Tag Archives: Women

PELVIC INFLAMATORY DISEASE (PID)

Every human being is the author of his own health or disease.
– Gautama Buddha

SYNOPSIS

Pelvic Inflammatory Disease (PID) is an infection of the female reproductive organs. It is caused by many types of bacteria. If not treated, it can cause complications such as ectopic pregnancy and infertility.

PID affects women in reproductive age. Peak incidence is in women of 15 to 24 years age. India is estimated to have at least one million episodes of PID each year.
Risk of PID increases with risky sexual practices: multiple sexual partners, sex with a person having PID, starting sex at a very young age and having sex without a condom.
PID often has no signs or symptoms. But a few of the symptoms that may appear are: pain in lower abdomen or pelvic pain, heavy or foul periods, bowl discomfort and pain in urination.

There is no single test to diagnose PID. It is diagnosed from symptoms and from gynaecological examination. Urine and blood tests, ultrasound, and laparoscopy may also be used. Because of absence of symptoms, and because the symptoms are similar to those of other diseases, PID diagnosis is often delayed. Woman’s recent sexual partners also need to be tested and treated.

A mixture of antibiotics is used for treatment and is successful in most cases. But a few cases may need laparoscopic or surgical intervention. Removal of intrauterine devices (IUDs) is not necessary.

Because of difficulty of diagnosis, and serious consequences of delayed treatment, empirical treatment may be initiated in at-risk women if symptoms of PID appear. Having regular medical care throughout lifetime maximizes the chances of early diagnosis and treatment of PID.

Improved education, routine screening, diagnosis, and empirical treatment of PID will reduce the incidence and prevalence of PID and its long-term sequelae.

INTRODUCTION

PID, if not treated, can cause ectopic pregnancy, infertility, chronic pelvic pain, cancer, peritonitis and tubo-ovarian abscess – the latter two can become life threatening.

In the US, more than one million women have PID, and more than 100,000 become infertile each year because of PID. In industrialized countries PID-incidence is 10 to 13 per 1,000 in women in 15 to 39 years age-group, with a peak incidence of about 20 per 1,000 women in 20 to 24 years age group. India is estimated to have more than one million PID episodes each year.

CAUSE

PID is an infection of the female reproductive organs – vagina, uterus, fallopian tubes, ovaries, and of womb lining (endometrium) and lining of the inside of the abdomen (peritoneum).

It is a bacterial infection. Many types of bacteria can cause it but in about one in four cases it is caused by sexually transmitted infection (STI) such as chlamydia or gonorrhoea. Sometimes normal, harmless, bacteria in the vagina get past the cervix and into the reproductive organs and cause PID. This can happen when the cervix is damaged after childbirth, miscarriage, abortion and inspection of the womb; or by an earlier PID.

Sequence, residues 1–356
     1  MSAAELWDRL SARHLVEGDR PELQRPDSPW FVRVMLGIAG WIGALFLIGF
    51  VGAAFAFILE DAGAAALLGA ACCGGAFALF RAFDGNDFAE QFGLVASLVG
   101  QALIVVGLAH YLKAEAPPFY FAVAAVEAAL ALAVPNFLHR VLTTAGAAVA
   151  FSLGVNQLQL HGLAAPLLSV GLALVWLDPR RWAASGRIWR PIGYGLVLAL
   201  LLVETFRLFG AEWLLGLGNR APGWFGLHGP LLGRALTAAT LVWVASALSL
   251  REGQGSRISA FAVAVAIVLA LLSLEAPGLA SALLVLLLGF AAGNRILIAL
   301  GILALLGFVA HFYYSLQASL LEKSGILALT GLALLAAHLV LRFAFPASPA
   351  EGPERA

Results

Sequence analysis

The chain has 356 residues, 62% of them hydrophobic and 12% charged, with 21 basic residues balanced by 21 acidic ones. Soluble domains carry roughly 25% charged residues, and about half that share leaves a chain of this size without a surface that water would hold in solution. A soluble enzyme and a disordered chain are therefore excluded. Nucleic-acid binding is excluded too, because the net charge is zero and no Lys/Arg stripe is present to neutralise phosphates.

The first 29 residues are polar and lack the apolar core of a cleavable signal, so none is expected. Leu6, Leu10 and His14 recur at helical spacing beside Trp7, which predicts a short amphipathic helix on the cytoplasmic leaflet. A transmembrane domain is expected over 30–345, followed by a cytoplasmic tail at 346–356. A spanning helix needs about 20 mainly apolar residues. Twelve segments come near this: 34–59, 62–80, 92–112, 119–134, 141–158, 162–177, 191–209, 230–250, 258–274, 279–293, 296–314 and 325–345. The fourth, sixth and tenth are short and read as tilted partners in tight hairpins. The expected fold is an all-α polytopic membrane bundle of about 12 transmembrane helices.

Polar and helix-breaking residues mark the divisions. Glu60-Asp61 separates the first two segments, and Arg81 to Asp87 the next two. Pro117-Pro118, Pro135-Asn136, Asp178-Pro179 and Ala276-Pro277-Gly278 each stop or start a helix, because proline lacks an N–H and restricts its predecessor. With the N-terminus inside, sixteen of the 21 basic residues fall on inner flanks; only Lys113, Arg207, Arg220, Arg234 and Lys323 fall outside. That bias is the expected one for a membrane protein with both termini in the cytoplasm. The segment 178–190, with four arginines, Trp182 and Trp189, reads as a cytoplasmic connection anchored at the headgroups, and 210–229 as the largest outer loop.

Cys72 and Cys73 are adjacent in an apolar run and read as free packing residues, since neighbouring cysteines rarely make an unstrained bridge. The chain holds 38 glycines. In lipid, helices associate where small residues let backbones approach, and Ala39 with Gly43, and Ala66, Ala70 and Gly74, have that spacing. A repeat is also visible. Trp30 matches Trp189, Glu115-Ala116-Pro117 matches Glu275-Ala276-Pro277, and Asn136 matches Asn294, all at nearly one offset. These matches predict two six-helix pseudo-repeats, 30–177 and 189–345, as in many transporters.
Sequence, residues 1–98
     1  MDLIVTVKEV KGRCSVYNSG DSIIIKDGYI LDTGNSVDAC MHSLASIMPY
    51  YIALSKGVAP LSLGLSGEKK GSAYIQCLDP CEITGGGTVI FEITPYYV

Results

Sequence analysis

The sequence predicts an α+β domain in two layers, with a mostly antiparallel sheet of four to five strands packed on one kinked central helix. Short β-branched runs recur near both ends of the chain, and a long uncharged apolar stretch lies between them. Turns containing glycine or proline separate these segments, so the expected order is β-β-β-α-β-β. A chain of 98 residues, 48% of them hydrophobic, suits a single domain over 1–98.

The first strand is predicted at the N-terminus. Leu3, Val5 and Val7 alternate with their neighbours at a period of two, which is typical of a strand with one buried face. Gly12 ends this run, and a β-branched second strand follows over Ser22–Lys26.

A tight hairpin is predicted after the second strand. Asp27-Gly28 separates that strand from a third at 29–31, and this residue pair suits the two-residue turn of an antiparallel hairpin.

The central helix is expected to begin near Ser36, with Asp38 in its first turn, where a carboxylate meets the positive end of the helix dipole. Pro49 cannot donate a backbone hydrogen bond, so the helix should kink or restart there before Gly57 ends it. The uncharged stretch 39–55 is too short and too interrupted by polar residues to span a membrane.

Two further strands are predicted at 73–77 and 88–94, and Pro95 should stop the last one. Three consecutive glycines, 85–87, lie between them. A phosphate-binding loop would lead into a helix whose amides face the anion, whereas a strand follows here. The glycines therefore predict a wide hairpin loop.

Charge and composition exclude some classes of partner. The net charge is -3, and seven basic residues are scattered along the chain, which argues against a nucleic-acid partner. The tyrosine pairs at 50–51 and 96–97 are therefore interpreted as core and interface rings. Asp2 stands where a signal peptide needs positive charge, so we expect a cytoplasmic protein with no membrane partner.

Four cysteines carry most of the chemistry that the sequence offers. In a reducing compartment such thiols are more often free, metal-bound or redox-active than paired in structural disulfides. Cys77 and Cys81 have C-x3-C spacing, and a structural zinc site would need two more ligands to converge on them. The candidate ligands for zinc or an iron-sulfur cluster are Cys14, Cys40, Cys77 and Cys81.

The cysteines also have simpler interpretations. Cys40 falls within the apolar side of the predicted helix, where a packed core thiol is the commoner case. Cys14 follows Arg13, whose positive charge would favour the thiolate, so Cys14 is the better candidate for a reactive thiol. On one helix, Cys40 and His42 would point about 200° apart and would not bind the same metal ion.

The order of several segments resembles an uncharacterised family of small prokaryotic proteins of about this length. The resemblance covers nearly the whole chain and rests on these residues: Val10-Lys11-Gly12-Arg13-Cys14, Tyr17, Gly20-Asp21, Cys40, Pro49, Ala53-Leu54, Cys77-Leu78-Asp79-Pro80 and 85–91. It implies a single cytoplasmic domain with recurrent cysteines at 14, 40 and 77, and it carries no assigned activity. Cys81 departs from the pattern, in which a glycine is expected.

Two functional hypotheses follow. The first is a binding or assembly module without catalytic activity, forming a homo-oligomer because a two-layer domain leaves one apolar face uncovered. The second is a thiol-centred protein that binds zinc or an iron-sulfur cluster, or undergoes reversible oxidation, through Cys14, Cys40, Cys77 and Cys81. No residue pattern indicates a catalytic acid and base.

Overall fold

In many cases, the cause of PID is unknown.

RISK FACTORS

Any woman can get PID. But the risk of getting it is increased by:
• Being sexually active and younger than 25 years age
• Having multiple sexual partners
• Having a new sexual partner
• Being in a sexual relationship with a person who has more than one sex partner
• Having a history of PID or STI
• Having sex without a condom
• Douching regularly, which upsets the balance of good versus harmful bacteria in the vagina and might mask symptoms

Having an intrauterine device (IUD) does not increase the risk of PID. Potential risk, if any, is within the first three weeks after insertion.

SYMPTOMS

PID often has no signs or symptoms. But one or more of these symptoms may occur:

• Pain in lower abdomen
• Pelvic pain — especially during a pelvic exam
• Heavy or foul or painful periods with an unpleasant odor
• Unusual vaginal discharge, especially if it’s yellow or green
• Abnormal uterine bleeding, especially during or after intercourse, or between menstrual cycles
• Pain or bleeding during intercourse
• Fever, sometimes with chills
• Painful or difficult urination
• Bowel discomfort
• Nausea and vomiting

See your doctor if you experience any of the above symptoms.

Vaginal discharge with an odor, painful urination or bleeding between menstrual cycles can be associated with STI. If these signs and symptoms occur, stop having sex and see your doctor soon. Prompt treatment of an STI can help prevent PID.

DIAGNOSIS

There is no single test to diagnose PID. It is diagnosed from symptoms and from gynecological examination.

Gynecologist in Delhi will talk about your medical and sexual history and do a pelvic examination to check for any tenderness and abnormal vaginal discharge. This examination may be discomforting, especially if you have PID.

Swabs may be taken from the inside of your vagina and cervix to look for bacterial infection and identify the bacteria responsible. A positive test for chlamydia or gonorrhoea supports the diagnosis of PID. Most women test negative but this does not rule out PID.
Other tests may, therefore, be required to look for signs of infection or inflammation, or to rule out other possible causes of your symptoms. These tests may include:

• a urine or blood test
• a pregnancy test
• an ultrasound scan, which is usually carried out using a probe passed through the vagina (transvaginal ultrasound)